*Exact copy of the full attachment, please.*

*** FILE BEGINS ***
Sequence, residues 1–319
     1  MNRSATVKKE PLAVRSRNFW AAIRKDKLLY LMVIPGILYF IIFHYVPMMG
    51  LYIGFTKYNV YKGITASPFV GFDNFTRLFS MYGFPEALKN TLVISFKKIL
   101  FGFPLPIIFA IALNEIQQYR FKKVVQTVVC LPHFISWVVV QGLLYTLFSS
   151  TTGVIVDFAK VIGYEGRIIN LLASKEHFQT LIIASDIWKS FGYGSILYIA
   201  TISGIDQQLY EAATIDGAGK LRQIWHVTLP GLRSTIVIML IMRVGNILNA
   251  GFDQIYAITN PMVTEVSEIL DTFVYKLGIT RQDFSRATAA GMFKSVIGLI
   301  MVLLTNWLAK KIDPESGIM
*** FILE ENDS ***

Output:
Sequence, residues 1–319
     1  MNRSATVKKE PLAVRSRNFW AAIRKDKLLY LMVIPGILYF IIFHYVPMMG
    51  LYIGFTKYNV YKGITASPFV GFDNFTRLFS MYGFPEALKN TLVISFKKIL
   101  FGFPLPIIFA IALNEIQQYR FKKVVQTVVC LPHFISWVVV QGLLYTLFSS
   151  TTGVIVDFAK VIGYEGRIIN LLASKEHFQT LIIASDIWKS FGYGSILYIA
   201  TISGIDQQLY EAATIDGAGK LRQIWHVTLP GLRSTIVIML IMRVGNILNA
   251  GFDQIYAITN PMVTEVSEIL DTFVYKLGIT RQDFSRATAA GMFKSVIGLI
   301  MVLLTNWLAK KIDPESGIM